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Businesses want Bank Of England to consider North-South divide
5:21pm Tuesday 3rd December 2013 in Business News
THE North East Shadow Monetary Policy Committee (MPC) continues to call for interest rates to be held at 0.5 per cent, but members have warned that the Bank of England needs to consider regional differences when deciding upon policies.
A partnership between The Northern Echo, Hartlepool-based chartered accountants and business advisers Waltons Clark Whitehill and the North East Chamber of Commerce (NECC), the North East Shadow MPC looks at the region’s economy and gives experts from a variety of sectors the opportunity to argue their case for a shift, or hold, in the rate.
As well as voting 8-1 in favour of a hold in interest rates, the Shadow MPC were unanimous in their belief that there should be no further Quantitative Easing.
Nigel Mills, Chairman of the Entrepreneurs’ Forum, said: “The Bank of England appear to be looking at different types of stimulus for different areas of the economy and I hope they look at what the North East needs. I hope they realise there is an economy outside of the M25 and we all need different measures.”
Andrew Sugden, Head of External Relations at Northumbria University said:
"I don’t think there is a bigger macroeconomic issue for the North-East than employment. If we are looking for a decision for the North-East economy in this particular forum, it’s very difficult to look at a rise in interest rates which could potentially have a negative effect on employment.”
Graham Robb, Senior Partner at Recognition Marketing and PR, described the Bank of England’s seven per cent target for unemployment prior to consideration of interest rate changes as “entirely arbitrary and a fantasy for the North-East”.
Members were very positive about the construction sector in particular.
Derek Boyd, a Partner at Waltons Clark Whitehill, said: “These last five years have been tricky. However, over the last six months or so, conversations with some clients who are particularly in the construction industry have shown them to be much more happy with their lot, because they seem to have order books which are filling up. I think the long term turnaround in the construction industry is finally happening.”
Catriona Lingwood, Chief Executive of Constructing Excellence in the North East, agreed. She said: “Confidence has been great for the last six months now and we are looking forward to 2014. I think it’s going to be much better.”
The improvements in the construction sector had seen an end to “suicidal bidding”, said Catriona. “Contractors were bidding under cost and that’s not sustainable.”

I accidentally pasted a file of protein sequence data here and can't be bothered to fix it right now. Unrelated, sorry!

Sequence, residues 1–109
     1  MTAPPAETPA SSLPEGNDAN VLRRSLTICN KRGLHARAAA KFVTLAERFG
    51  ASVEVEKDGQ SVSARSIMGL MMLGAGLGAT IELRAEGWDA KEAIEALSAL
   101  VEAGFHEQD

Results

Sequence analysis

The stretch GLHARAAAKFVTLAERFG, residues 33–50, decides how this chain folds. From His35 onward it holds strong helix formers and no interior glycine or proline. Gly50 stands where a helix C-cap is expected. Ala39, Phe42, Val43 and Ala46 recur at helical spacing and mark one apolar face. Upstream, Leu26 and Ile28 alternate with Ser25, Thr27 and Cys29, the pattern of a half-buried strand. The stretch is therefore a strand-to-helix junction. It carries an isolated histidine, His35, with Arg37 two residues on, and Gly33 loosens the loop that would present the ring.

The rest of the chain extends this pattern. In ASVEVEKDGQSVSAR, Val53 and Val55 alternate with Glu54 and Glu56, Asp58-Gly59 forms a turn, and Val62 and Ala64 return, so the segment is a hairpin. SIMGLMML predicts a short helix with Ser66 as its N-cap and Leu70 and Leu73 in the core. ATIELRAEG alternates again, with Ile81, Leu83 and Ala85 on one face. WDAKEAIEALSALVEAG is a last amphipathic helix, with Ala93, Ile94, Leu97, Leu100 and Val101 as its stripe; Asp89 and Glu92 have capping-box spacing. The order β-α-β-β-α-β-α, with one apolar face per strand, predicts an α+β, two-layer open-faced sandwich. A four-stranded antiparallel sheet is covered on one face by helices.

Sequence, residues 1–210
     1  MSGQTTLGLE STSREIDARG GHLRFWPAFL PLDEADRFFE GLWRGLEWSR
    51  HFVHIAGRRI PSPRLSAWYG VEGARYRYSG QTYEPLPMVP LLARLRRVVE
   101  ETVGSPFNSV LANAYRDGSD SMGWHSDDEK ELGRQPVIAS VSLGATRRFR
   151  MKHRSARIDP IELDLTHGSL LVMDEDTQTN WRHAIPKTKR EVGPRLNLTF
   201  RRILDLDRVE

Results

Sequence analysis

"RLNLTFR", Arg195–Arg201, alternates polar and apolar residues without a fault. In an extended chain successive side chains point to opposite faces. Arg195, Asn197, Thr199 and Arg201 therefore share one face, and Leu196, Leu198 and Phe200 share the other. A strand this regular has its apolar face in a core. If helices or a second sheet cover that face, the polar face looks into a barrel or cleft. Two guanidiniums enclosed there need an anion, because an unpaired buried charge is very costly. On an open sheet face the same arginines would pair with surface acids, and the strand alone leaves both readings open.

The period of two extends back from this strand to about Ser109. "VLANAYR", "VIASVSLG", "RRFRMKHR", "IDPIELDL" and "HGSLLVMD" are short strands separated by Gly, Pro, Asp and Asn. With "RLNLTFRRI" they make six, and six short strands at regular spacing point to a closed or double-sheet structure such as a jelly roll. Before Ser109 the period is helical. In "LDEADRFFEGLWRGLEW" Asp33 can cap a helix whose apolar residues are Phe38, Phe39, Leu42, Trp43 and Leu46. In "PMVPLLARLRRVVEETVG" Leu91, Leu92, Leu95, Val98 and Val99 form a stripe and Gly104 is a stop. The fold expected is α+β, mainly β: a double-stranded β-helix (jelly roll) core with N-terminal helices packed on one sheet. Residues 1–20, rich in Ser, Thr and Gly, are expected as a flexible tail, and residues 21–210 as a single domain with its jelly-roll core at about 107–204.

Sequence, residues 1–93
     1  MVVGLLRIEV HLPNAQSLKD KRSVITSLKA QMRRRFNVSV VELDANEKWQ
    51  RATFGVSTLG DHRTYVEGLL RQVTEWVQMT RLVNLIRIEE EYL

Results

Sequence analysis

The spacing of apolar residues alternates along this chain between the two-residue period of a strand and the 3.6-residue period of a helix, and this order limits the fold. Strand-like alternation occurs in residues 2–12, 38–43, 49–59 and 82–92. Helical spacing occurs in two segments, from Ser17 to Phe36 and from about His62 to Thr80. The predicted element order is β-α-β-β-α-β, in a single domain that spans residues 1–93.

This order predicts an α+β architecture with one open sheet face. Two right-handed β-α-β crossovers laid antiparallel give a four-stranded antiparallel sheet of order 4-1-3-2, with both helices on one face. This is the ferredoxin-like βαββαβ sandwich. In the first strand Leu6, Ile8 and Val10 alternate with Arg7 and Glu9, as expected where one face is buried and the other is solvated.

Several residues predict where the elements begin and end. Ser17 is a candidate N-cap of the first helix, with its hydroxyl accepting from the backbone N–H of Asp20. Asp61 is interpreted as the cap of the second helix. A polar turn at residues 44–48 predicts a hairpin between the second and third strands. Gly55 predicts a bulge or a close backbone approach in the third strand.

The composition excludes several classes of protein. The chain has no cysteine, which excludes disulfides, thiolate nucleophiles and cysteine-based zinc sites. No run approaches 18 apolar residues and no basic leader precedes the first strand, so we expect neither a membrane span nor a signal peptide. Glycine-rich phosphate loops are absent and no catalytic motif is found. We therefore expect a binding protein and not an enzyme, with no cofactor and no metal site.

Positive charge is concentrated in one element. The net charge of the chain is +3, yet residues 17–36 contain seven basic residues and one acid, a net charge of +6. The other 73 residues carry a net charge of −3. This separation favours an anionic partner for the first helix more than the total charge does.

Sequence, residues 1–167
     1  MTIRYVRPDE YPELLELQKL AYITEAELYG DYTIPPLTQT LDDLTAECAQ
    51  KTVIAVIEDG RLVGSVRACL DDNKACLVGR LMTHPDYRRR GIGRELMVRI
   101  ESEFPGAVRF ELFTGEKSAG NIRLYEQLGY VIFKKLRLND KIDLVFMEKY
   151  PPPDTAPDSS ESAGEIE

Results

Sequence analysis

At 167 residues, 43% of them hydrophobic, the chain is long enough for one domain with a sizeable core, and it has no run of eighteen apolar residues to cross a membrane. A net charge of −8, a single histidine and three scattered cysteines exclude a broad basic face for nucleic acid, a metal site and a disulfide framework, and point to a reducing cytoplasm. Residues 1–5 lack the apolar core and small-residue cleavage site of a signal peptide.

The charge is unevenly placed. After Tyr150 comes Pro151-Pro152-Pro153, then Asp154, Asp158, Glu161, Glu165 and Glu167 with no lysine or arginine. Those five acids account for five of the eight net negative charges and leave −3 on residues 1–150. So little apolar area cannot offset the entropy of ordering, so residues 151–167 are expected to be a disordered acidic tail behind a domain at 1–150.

Anne Elliott, Partner at Latimer Hinks Solicitors, said: “Commercial property and the residential property markets have gone into overdrive. It’s quite astounding to see. Our property lawyers are extremely busy.”
Nigel Mills was keen to point to the consumers’ position in the economy and said the relationship between wages and inflation was having a major effect on services and retail. He said: “The consumer demands more and the retailers and service providers are giving more. If wages don’t keep up with inflation then consumers are going to demand even more for their money.”
However, with the Scottish independence vote, the General Election and uncertainty over the long term position of the UK in Europe, he said: “The recovery is very fragile, there are storm clouds on the horizon, but there are opportunities if you can grab them.”
Ross Smith, Director of Policy at the North East Chamber of Commerce said “There’s been a lot of good news in the North East economy over the past year that seems to be continuing from a variety of sectors. People are seeing order books strengthen, more confidence to invest, more confidence to take on new staff, but there are still a number of uncertainties there on the horizon.”
Ajay Jagota, Chief Executive of KIS Group, said the improvements in construction had a direct effect on housing, and in turn on the consumer. He welcomed the Government’s decision to bring the Help to Buy scheme forward, adding: “The only way to help the consumer is through housing. That’s going to boost people’s confidence, house prices moving up for consumers, giving them confidence to go out and spend their money.”
Andrew Sugden said the region’s universities were seeing increased student numbers. He said: “All of the North East’s universities have done very well, at Northumbria we are very pleased with the recruitment rate.”
He added that engagement with businesses wanting research was also on the rise, commenting that these were signs of long term investment.
Jane Reynolds, Tees Valley Business Manager at North East Finance, said: “There was a time when people were maybe moving away from networking and seeing membership of organisations as an expense, but now they are out there, wanting to do business.”
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